Now the breeze slows down and the air feels warmer. A robin starts singing loudly behind me. I can hear a blue-gray gnatcatcher in another tree nearby, and now goldfinches have gathered in the interior of our locust tree, softly chattering among themselves. A flicker announces his presence with his boisterous calls. And still the chipping sparrow sings every five or ten seconds. Does he sing for the pleasure of it, or to get a mate, or to protect his territory? Possibly a bit of all those, I think.
I stand up to stretch and see a turkey vulture soaring over our tree. As I sit down, some blue jays and crows are having an argument in the trees behind me. Two cowbirds land beneath the tree and walk around poking around in the grass.
A chickadee is singing his sad-sounding two-note call in a nearby tree. The breeze has brought a sweet smell now, from some plant I can’t see around me and can’t identify from the scent. But trust me, it’s lovely. I can’t inhale deeply enough. Maybe honeysuckle?
Down near the lake there are red-winged blackbirds calling occasionally. They seem to have already settled down from the noisy and aggressive early part of breeding season. A couple geese land in the lake as a red-bellied woodpecker makes a brief stop in our tree.
I keep writing. I make good progress, ending up with two draft articles for future use.
Then I hear a catbird softly mewing behind me. I play a catbird song on my Audubon bird app and he responds by singing back to me for twenty seconds or so. (I try to be judicious in my use of bird calls so as not to cause distress to the birds, but I thought in this situation it was ok to play it one time.)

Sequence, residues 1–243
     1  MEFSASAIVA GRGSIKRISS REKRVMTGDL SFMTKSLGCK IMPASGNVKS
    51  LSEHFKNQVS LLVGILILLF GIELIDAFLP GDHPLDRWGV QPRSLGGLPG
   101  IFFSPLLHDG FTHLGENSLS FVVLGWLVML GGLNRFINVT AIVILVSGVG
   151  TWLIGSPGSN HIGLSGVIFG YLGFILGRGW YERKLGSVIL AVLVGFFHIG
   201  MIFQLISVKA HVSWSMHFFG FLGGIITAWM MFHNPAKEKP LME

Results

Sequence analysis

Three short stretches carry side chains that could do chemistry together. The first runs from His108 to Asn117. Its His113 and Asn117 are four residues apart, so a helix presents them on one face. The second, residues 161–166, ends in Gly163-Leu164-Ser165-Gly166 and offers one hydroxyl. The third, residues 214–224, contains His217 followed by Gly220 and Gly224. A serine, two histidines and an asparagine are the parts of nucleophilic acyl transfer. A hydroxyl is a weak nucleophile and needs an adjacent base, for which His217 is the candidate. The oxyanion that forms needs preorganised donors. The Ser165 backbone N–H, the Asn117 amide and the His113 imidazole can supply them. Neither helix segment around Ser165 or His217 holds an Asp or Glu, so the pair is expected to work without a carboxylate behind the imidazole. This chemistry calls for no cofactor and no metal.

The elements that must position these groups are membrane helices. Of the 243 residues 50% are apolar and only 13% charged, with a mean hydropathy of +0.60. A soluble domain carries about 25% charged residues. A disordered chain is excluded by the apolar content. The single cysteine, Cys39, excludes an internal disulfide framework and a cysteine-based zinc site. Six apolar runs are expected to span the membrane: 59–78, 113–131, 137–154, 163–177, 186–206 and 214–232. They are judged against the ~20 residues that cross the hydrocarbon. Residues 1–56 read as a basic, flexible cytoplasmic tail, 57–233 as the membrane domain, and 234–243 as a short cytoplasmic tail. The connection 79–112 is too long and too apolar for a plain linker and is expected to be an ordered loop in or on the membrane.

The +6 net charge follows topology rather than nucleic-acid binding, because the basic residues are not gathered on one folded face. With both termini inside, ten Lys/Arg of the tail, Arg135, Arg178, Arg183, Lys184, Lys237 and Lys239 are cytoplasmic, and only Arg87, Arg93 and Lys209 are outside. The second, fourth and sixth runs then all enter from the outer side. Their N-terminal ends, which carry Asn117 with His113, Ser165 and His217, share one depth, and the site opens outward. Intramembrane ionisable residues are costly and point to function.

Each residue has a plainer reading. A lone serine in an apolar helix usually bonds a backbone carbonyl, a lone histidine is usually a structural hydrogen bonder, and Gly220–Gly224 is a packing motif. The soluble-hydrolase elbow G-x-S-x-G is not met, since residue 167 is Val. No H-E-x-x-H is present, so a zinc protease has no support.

So to summarize, I saw the following birds in this single locust tree during my three hour writing session: Chipping Sparrow, Eastern Kingbird, Eastern Bluebirds, American Goldfinches, and Red-bellied Woodpecker. This unassuming tree managed to feed or shelter at least five species of birds this afternoon, not to mention all the work it did to capture carbon dioxide and exhale oxygen to make our planet healthier. A tree is a special thing. (And this “one-tree birding” idea is fun and I might just try it again soon.)
And, just because I’m compelled to record all the birds, here are the others who didn’t actually visit our tree: Northern Flicker, American Crow, Blue Jay, Red-winged Blackbirds, Canada Geese, Blue-gray Gnatcatcher, Turkey Vulture, American Robin, Gray Catbird, and Black-capped Chickadee.
The sparrow is finally quiet and I find that I feel lonely without his pretty serenade to inspire me. I hope he’s taking a well-deserved nap up there in the cool interior of that lovely tree. I’m heading home, rejuvenated and relaxed, happy that I can share this peaceful afternoon with all of you.
Maybe a change of scenery and some fresh air would do you good too. Why not try it and find out? And don’t forget to hug a tree while you’re out there.